Al­lur­ing Alis­han

The cherry blos­som sea­son in Tai­wan draws large crowds, es­pe­cially to Alis­han, which is also home to vast tea es­tates and the Alis­han For­est Re­cre­ation Area.

The Star Malaysia - Star2 - - Front Page - By NG KOK LEONG star2­travel@thes­tar.com.my

I OF­TEN travel to Tai­wan and it is one of my favourite coun­tries to visit. I had never been there dur­ing cherry blos­som time so I was happy to be in the coun­try in early March.

I was one of 63 mem­bers who went on the seven-day Malaysia Tai­wan Cherry Blos­som Pho­tog­ra­phy Tour 2017, or­gan­ised by the Tai­wan Tourism Bureau KL Of­fice and the Se­lan­gor and Kuala Lumpur Pho­to­graphic So­ci­ety.

For those of you who are plan­ning your va­ca­tion, do think about head­ing to Tai­wan for your cherry-blos­som view­ing in­stead of the usual – Ja­pan or South Korea.

Our first stop in Tai­wan was the fa­mous Alis­han (or Ali Moun­tain, though it is ac­tu­ally a range and not a sin­gle peak) town in Chi­ayi County. It is touted to be the best place in the coun­try to view sakura (Ja­panese for cherry blos­som).

We took a char­tered coach from Taipei, and spent the night in Chi­ayi. At 3am the next morn­ing, we took off on a one-hour jour­ney to Alis­han, with a lunch stop in Fenchihu – which has a train stop – and checked out the fa­mous steam train and the rail­way lunch boxes.

The next stop made me think about Cameron High­lands as it was nes­tled within a tea es­tate – the fa­mous Long Yun Leisure Farm, where we were happy to see the tea-pick­ers. You have two chances to see them in ac­tion – the first pick­ing starts at 8am, and the sec­ond around 4pm. They are made for great pic­tures, though it was a bit gloomy so the colours didn’t show up so well.

I en­joyed the cool­ness, which again re­minded me of Camerons but it was more chilly, prob­a­bly around 10°C when I was there. It was our base for two nights.

The next day, at about 3am, we drove to the Alis­han rail­way sta­tion, reach­ing at around 4.30am. We then had a pleas­ant half an hour ride on the Alis­han For­est Rail­way train to reach Chushan Sta­tion two stops away. It was the perfect spot to view the sun­rise, which we waited pa­tiently for. Fi­nally, the sun started to tease us at about 6am. What a won­drous sight it was – well worth the wait.

The vast stretch of woods here falls un­der the Alis­han For­est Re­cre­ation Area. We walked around for three hours and had our fill of the mag­i­cal cherry blos­soms on show for us shut­ter­bugs. There was also a big crowd of tourists in the area so some­times it was cherry blos­soms fight­ing with tourists for the lens’ at­ten­tion.

It can be a chal­lenge to have the blos­soms to your­self or, more aptly, for your cam­era. The colour pink dom­i­nated and some­times in­ter­spersed with the white va­ri­ety.

Then we re­traced our jour­ney and went back to Long Yun. I couldn’t re­sist tak­ing a 10-minute walk at night to take some pic­tures of Shi­jou Vil­lage nearby. It was like a mag­i­cal place, with the mist giv­ing it a heav­enly feel.

The next morn­ing, it was off to the Tai­wanese icon of the Sun Moon Lake in Nan­tou County. It took about two hours to get there. You can eas­ily spend at least half a day there, given the at­trac­tions, with the lake it­self tak­ing prime spot. There are just so many an­gles to cap­ture its beauty, as well as in dif­fer­ent weather and light­ing con­di­tions. It also has its fair share of cherry blos­som trees.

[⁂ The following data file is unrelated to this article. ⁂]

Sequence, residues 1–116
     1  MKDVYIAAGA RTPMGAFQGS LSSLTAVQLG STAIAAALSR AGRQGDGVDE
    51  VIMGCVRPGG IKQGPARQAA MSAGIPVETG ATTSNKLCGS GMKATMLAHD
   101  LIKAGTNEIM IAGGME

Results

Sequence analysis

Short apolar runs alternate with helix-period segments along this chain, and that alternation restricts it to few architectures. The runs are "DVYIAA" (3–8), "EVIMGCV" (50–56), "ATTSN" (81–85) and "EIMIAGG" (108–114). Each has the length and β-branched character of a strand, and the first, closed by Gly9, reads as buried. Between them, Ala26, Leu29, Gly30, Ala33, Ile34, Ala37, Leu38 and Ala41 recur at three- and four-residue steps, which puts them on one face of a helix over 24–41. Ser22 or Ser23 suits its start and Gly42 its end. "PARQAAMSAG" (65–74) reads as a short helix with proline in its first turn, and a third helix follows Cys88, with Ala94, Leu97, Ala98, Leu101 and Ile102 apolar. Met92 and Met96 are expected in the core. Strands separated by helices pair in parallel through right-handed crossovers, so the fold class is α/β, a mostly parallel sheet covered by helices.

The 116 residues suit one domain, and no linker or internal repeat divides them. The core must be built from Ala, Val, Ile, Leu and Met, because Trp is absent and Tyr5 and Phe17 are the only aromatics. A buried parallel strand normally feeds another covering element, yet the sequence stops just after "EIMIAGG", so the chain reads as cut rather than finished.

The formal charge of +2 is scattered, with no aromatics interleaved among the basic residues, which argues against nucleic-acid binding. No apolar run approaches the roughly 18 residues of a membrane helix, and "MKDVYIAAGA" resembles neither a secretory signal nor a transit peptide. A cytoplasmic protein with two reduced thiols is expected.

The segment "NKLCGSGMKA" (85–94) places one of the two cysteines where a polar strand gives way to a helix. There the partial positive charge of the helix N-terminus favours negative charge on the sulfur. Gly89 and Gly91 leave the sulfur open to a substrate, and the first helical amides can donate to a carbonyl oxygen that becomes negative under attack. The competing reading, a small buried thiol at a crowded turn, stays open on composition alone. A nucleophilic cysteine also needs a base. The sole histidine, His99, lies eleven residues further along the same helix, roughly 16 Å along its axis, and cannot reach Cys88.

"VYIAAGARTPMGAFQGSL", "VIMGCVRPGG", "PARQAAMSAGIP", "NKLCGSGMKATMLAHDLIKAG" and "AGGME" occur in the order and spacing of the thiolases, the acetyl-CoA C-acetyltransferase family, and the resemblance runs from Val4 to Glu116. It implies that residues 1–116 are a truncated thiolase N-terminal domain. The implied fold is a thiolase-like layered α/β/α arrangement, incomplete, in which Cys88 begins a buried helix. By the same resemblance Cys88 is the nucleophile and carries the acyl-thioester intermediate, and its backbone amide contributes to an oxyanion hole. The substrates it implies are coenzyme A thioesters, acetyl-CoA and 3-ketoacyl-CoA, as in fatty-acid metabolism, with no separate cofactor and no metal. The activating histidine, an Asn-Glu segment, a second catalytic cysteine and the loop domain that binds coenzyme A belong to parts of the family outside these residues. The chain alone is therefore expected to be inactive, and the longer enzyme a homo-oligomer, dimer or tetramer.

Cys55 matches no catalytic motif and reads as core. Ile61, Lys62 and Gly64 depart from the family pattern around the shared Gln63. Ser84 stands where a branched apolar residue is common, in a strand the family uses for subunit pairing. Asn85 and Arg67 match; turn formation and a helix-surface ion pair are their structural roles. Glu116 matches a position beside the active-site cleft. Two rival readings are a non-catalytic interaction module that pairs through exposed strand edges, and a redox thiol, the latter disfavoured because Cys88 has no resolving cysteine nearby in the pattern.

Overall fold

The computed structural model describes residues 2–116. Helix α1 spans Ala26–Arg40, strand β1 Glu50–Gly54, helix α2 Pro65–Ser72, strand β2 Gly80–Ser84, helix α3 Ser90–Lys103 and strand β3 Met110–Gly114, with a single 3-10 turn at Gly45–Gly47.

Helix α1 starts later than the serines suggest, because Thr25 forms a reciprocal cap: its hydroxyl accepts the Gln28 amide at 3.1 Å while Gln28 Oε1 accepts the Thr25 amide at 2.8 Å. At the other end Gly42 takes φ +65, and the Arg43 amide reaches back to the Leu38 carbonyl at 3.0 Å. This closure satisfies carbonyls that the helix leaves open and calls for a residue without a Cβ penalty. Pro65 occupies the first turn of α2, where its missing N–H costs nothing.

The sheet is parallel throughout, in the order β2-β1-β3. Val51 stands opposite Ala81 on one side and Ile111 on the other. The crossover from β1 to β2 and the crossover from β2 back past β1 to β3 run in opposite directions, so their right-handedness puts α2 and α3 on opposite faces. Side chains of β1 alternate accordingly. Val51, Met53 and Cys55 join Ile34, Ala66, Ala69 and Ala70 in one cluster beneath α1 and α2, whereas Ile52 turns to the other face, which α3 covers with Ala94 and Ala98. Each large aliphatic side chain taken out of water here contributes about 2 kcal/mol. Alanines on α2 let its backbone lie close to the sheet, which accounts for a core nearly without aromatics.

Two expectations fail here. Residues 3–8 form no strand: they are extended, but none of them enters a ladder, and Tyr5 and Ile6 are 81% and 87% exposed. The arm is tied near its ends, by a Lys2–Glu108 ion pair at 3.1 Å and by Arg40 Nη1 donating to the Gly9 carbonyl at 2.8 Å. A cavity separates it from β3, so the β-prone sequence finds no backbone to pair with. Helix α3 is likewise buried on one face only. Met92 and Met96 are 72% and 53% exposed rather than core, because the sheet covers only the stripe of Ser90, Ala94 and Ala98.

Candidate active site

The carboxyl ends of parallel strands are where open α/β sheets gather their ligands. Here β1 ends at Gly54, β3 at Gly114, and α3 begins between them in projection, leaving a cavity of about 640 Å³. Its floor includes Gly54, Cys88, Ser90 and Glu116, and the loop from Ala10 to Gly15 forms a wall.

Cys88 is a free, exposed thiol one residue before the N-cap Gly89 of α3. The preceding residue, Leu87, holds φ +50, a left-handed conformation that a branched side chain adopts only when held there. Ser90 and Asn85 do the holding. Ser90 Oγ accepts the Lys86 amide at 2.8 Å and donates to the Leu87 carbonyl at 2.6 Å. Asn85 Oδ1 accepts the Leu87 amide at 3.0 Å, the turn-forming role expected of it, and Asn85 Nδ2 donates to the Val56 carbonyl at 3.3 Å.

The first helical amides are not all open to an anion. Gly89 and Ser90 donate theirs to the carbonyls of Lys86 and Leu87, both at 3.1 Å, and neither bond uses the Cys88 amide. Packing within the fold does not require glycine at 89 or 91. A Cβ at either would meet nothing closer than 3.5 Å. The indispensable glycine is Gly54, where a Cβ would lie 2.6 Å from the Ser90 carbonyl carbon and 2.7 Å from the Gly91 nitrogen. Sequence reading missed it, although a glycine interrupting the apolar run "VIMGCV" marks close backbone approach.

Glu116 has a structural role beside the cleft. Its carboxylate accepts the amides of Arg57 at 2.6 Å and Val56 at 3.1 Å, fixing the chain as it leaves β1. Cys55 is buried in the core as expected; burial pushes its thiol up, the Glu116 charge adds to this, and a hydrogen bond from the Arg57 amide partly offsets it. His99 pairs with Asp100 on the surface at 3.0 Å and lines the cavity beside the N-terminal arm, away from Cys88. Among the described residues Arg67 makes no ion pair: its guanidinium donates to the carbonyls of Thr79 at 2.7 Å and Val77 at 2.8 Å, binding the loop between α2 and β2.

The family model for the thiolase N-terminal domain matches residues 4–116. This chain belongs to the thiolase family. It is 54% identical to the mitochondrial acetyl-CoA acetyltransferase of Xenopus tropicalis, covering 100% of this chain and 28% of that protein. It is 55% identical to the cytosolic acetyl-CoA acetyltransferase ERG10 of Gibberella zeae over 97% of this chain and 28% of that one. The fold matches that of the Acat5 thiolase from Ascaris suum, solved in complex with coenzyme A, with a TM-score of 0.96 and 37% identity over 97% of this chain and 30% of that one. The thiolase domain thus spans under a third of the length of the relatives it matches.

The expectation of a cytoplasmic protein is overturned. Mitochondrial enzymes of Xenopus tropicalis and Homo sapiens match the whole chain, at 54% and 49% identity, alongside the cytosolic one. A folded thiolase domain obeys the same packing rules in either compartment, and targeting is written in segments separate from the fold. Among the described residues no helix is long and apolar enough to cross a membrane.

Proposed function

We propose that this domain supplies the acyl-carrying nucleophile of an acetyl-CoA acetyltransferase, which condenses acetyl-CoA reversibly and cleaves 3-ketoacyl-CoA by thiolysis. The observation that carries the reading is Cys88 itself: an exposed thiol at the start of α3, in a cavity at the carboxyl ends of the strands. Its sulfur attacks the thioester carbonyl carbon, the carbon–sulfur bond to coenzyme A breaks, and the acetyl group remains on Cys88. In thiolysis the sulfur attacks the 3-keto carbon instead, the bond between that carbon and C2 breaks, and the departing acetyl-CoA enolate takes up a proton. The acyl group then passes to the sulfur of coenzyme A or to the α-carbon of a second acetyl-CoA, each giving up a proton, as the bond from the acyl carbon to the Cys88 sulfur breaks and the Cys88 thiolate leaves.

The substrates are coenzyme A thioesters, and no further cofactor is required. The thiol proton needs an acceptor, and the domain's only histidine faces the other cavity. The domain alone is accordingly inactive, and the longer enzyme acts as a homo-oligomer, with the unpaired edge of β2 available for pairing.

Try not to miss the fa­mous For­mosan Abo­rig­i­nal Cul­tural Vil­lage nearby. The cul­tural per­for­mances are very en­ter­tain­ing, and the vil­lagers are warm and friendly. Some of their dishes ref­er­ence the fa­mous flow­ers nearby, for in­stance, Cherry Blos­som Chicken, which is only pre­pared dur­ing that sea­son. I didn’t have a chance to try it, though. Per­haps you might.

Then we said good­bye to Alis­han and Nan­tou, and headed to our next stop – the in­dus­trial city of Taichung. That is an­other story. My head was still filled with im­ages of the beau­ti­ful blos­soms I had seen (and my pho­tos will help me re­live those fond mem­o­ries).

— NG KOK LEONG/The Star

Cherry blos­soms add colour to the land­scape. There are two main va­ri­eties in Alis­han: The bright red For­mosan va­ri­ety, and the pink and white Yoshino va­ri­ety.

The breath­tak­ing sight of the tea plan­ta­tion near the leisure farm lodg­ings at Long Yun, where the writer stayed. — Pho­tos: NG KOK LEONG/The Star

Sun­rise at Alis­han is an amaz­ing ex­pe­ri­ence up high in the moun­tains as you wait for the rays of light to peek through the sea of clouds. Stake your spot early as you will be com­pet­ing with many other peo­ple.

Glow­ing clouds and mists over Shi­jou Vil­lage make for a mag­i­cal sight. Who says you need the bright lights of the city to have a glit­ter­ing pic­ture?

Alis­han is prob­a­bly one of the very best places in Tai­wan to see the cherry blos­soms.

If you pose next to cherry trees in full bloom, there is a pos­si­bil­ity of be­ing over­shad­owed. But it will make a pretty pic­ture, for sure.

Sun Moon Lake is a large ex­panse of fresh wa­ter at the heart of a moun­tain­ous area rich in veg­e­ta­tion (and cherry blos­som in the right sea­son). Take a boat tour along Tai­wan’s largest lake.

The splen­did abo­rig­i­nal folk dance show at Naruwan The­atre at the For­mosan Abo­rig­i­nal Cul­tural Vil­lage. All show per­form­ers are na­tive Tsou peo­ple.

Fenchihu was an im­por­tant stop for the Alis­han For­est Rail­way in the early days. The steam train would need to stop at Chi­ayi about noon time for main­te­nance.

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